Public Philosophy Monographs (1998)

As part of its ongoing program on public philosophy, the Carnegie Council initiated a workshop series to address current conceptions of democracy around the world. Four papers were published as individual monographs. The monographs and the program aim to develop a more nuanced understanding of the values underlying public policies in this era of globalization.

Chile's Innovations in Social Welfare: Principles and Policies | 12/31/1998 Veronica Montecinos Chile has been converted into a prototype of policy experimentation in social welfare, not only because of the "revolutionary" character of many of its reforms, but also because of the early and growing internationalization of intellectual and political elites and policy paradigms.

Community, Contract, and the Death of Social Citizenship | 12/31/1998 Hugh Heclo This article traces the death of the idea of social citizenship--a consensus among the public that citizens are entitled to social as well as civil and political rights--during the 1980s and the 1990s.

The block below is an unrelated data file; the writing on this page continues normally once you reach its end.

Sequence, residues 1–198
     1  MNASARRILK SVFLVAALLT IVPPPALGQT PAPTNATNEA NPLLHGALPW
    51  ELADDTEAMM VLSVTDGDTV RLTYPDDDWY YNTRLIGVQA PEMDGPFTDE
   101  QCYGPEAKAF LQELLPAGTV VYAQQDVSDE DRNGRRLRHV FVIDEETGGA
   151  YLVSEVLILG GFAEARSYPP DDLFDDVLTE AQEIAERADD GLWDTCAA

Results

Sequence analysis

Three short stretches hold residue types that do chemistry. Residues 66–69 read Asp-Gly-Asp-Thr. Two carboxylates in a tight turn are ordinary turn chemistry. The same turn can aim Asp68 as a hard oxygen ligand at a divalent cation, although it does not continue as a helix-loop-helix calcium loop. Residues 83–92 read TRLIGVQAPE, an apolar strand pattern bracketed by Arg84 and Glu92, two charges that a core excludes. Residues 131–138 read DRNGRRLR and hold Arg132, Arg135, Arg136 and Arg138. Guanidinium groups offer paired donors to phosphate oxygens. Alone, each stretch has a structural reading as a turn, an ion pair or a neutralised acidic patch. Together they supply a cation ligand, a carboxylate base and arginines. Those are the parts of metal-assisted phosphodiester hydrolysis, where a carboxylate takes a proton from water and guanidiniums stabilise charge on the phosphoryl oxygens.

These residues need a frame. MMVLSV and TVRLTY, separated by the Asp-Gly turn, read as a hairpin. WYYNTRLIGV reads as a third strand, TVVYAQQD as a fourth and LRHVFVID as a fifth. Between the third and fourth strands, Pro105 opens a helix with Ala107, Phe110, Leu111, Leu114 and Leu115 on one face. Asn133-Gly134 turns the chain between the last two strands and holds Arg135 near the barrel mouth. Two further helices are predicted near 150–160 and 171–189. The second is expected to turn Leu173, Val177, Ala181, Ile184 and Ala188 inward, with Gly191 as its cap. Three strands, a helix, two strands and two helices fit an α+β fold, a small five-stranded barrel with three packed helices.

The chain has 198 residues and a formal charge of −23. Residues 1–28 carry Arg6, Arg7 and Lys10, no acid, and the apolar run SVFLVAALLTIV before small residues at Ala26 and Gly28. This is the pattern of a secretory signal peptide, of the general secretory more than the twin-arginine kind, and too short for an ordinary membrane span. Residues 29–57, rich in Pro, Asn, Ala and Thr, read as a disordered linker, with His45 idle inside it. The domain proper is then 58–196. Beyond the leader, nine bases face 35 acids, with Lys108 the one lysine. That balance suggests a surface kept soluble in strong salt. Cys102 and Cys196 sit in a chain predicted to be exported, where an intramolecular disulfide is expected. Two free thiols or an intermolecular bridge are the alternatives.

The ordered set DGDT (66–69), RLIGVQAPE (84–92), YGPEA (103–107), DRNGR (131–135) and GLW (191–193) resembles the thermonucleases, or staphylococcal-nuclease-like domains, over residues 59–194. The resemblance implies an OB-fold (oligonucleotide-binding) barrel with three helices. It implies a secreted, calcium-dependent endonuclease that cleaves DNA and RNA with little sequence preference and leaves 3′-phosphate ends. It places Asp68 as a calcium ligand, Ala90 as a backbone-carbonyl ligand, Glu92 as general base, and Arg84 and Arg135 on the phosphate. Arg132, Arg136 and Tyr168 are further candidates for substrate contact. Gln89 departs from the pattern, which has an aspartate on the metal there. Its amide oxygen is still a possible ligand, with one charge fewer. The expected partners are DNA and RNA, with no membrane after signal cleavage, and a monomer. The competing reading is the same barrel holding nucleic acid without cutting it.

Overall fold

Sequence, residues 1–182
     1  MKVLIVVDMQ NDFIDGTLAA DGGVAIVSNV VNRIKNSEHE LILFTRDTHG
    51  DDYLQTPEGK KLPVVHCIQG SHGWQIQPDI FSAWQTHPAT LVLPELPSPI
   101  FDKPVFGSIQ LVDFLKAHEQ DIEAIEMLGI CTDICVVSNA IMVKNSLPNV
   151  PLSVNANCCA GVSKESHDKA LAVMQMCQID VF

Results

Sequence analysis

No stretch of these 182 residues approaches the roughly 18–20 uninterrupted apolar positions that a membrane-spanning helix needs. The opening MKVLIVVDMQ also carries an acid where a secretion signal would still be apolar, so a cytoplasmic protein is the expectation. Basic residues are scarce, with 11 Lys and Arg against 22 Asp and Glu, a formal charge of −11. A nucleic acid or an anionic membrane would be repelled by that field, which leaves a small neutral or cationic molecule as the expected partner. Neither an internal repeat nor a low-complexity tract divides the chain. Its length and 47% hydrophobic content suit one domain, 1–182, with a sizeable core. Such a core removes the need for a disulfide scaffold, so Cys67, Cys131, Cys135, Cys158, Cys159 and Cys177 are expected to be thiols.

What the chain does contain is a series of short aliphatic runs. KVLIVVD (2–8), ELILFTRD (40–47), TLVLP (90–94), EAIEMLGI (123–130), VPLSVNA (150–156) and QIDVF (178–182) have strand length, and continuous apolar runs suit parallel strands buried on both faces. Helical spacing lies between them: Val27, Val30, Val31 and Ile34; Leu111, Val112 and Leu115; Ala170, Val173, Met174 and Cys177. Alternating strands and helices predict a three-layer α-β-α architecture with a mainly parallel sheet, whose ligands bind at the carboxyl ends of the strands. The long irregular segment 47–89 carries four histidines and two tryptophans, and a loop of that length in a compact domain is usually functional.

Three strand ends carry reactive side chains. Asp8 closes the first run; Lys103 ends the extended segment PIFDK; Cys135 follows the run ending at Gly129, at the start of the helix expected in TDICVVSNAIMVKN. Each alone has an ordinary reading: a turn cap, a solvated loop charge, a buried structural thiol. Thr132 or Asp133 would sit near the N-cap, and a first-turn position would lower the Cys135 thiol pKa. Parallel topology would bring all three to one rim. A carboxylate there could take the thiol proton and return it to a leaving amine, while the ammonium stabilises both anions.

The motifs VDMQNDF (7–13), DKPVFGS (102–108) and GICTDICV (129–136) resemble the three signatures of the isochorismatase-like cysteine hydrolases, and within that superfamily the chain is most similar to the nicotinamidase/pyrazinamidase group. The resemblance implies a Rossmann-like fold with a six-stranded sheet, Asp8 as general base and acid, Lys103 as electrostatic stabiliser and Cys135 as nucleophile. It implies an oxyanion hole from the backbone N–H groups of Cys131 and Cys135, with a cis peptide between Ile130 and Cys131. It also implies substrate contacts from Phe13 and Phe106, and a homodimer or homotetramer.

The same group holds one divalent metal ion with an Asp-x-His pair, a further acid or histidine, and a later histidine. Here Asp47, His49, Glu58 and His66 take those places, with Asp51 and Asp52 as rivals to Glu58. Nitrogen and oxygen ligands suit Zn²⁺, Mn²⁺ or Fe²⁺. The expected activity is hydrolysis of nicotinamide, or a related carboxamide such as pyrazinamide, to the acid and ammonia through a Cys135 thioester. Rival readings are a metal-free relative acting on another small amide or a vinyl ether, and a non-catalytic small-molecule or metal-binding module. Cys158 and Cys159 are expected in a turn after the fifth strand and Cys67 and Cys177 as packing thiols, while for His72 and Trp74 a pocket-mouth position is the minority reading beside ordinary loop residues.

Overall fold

Is There a Public Philosophy in Central-Eastern Europe? Equity and Distribution 'Then' and 'Now' | 12/30/1998 Zsuzsa Ferge After the regime change in Hungary the neoliberal/neoconservative orthodoxy has emerged as the dominant public philosophy, breaking the bonds between and within generations, between the less and the more fortunate.

Social Policy in the UK: Creating a New Social Contract | 12/13/1998 Howard Glennerster The monographs, and the program, aim to develop a more nuanced understanding of the values underlying public policies in this era of globalization.

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